They’re a speedy lot over at ‘London’s Quality Paper’, aren’t they? Eighteen days ago, the Animal wrote about how Boris Johnson’s affordable housing targets were heavily skewed towards allowing most of the Conservative-run London boroughs to continue with their abysmal record of constructing affordable housing. And I can’t claim to be first – Inside Housing and Dave Hill both got there before me. The notifications of the targets were sent out to the boroughs’ Chief Executives the week before I wrote the post. So what’s this I see whilst idly scanning the Evening Standard’s website today?
Yup, nearly three weeks on, the Standard gets the story. I doubt if the blame for this tardiness can be placed at the door of Pippa Crerar, the paper’s generally even-handed City Hall editor, whose by-line today’s article is under. It probably isn’t really her job to scan the trade press for housing stories. But surely there’s someone at Fortress Rotherhithe who has close enough ties with a borough council to wrangle an early look at the targets? Seemingly not.
Anyway, with the Mayor launching his draft housing strategy yesterday, what have we learnt?
1) Are you pretty well off? Boris’ll build you a house.
“…the new First Steps housing programme will ensure that Londoners earning at the basic rate of income tax, up to a household income limit of £72,000 a year, are eligible for discounted and low cost homes.” (p.10)
£72,000 per year! Excuse the italics, they tend to appear when the Animal sees red. The Animal’s household income is barely half that, and I certainly don’t think I should be in line for any kind of discount on a house. Maybe if there are a significant number of offspring to support, there could just about be a case for a household with that sort of income level receiving some support to purchase a suitably large home, but Johnson appears to be suggesting no such needs-based stipulation. So the really good news is that, with the Mayor likely to struggle to reach his 50,000 target for affordable homes in the current economic climate, a good proportion of the affordable homes that do get built in the next three years will be handed out to middle-income families at discounted rates, rather than going to those at real risk of homelessness. Never mind that 50,000 is probably well short of London’s real needs (the GLA’s 2004 estimates estimated that 20,000 new affordable homes were needed per year – so 60,000 over three years) and that demand for social housing is likely to increase alongside rising repossessions. Apparently, that’s called strategic thinking.
2. The Tory obsession with a property-owning democracy is alive and well
Johnson has replaced that with an aspirational target that will see 40% of the new homes made available for social housing – 5,000 fewer than previously planned. (The Guardian)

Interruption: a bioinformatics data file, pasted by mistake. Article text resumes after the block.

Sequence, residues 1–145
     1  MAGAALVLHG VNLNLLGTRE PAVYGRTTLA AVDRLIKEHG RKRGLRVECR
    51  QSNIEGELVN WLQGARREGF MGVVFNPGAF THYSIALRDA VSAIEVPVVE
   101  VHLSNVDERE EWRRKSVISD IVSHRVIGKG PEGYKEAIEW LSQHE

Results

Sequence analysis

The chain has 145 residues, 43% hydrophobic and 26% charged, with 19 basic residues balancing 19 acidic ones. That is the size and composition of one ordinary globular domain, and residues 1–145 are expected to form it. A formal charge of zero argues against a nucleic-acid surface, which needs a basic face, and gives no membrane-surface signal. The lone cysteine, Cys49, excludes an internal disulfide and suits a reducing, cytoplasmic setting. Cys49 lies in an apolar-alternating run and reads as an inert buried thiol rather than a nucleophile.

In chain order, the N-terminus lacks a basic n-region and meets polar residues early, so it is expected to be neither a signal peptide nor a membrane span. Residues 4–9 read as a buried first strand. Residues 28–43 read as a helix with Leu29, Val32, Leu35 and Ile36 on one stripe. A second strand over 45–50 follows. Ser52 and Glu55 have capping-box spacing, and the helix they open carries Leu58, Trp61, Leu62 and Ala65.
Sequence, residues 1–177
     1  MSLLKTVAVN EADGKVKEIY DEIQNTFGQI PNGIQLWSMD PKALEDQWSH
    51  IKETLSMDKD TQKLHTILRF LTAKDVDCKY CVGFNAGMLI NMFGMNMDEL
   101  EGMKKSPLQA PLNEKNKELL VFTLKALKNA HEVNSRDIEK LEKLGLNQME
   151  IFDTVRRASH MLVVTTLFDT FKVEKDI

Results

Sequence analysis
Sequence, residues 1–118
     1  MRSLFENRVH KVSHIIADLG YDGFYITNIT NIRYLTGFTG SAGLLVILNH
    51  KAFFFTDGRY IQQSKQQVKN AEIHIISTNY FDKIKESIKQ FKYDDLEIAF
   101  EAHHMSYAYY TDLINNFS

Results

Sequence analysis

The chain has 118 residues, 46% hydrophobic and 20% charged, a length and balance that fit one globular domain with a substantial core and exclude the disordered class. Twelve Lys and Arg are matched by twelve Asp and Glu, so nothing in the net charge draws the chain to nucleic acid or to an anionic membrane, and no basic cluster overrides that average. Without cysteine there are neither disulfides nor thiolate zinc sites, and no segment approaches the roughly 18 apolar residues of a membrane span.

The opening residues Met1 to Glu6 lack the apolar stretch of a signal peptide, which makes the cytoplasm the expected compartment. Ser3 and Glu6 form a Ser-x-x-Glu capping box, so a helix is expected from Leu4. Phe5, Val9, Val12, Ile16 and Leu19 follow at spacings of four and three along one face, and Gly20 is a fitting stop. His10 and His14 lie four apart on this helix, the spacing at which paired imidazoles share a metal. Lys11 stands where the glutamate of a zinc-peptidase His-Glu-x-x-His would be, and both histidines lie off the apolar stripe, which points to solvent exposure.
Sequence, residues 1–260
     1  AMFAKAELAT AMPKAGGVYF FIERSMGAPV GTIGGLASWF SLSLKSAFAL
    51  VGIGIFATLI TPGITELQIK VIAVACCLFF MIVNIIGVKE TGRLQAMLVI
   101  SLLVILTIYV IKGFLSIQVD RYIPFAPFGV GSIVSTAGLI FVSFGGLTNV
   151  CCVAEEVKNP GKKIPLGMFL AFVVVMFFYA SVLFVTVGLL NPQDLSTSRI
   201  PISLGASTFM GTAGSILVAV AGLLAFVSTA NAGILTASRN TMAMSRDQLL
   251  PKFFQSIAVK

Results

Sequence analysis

If someone can point me to an historical example of a worse-timed policy shift, I’d be most grateful. So, property prices are in free-fall, people are concerned about their jobs so are unlikely to want to splash out much of their capital and the banks won’t lend anyone much a mortgage. How to respond? I know, let’s shift the balance of new affordable housing away from social renting towards homes for purchase. Er…why? Presumably because the Mayor’s dogma tells him to. Oh, and he remembers canvassing some council estates in the 1980s where everyone who’d purchased their house voted Tory and the rest were all bloody socialists. Again, it’s called strategic thinking.
3. Are you a key worker? Go away.
“Existing low cost home ownership products have too often operated in a way that cherry picks the groups that will be helped – usually ‘key workers’ in certain parts of the public sector.” [p.27]
Do you have the misfortune to be a nurse, teacher or a police or fire officer in Johnson’s London? Remember that you were attracted to a job in the capital in part by the promise of a key worker home that recognised that your salary didn’t reflect the essential role you played in London’s economy? Sorry, we decided to sell it at a knock-down price to a couple earning £70,000 per year. But we value you. Really. And we wouldn’t want to drive such workers out of London – that wouldn’t be strategic thinking.
4. Boris doesn’t like hobbit holes.
“We’re not Hobbits. I am not about building homes for Hobbits” (Johnson, quoted in The Times)
But I’ve seen the film – those hobbit holes look really rather nice, albeit with very low ceilings. Or in the Tolkien quote that the Times helpfully points out: “It was a Hobbit hole, and that means comfort.” Best stick to the Classics, eh Boris?
5. The ego has landed.
Number of pictures of Ken Livingstone in the Draft Mayor’s Housing Strategy (2007): 1
Number of pictures of Boris Johnson in the Draft London Housing Strategy (2008): 13
I didn’t want to end this post without sharing with you the following gem of a comment on the Standard’s article about Tory boroughs getting off lightly in terms of affordable housing targets:
Well the electorate in the Labour boroughs could vote Conservative and then the responsibility would fall on Conservative Councils. Next point please?
– Joe, London, UK
I do hope this is going to be the first in a long series of comments in which ‘Joe’ will solve the world’s problems through his refreshing clear-thinking. Vote Conservative? Why on earth didn’t the people in the Labour boroughs think of that before? Next week, from ‘Joe’ (the Plumber?): why don’t the Georgians just elect Vladimir Putin as their President. Honestly, it’d be that simple.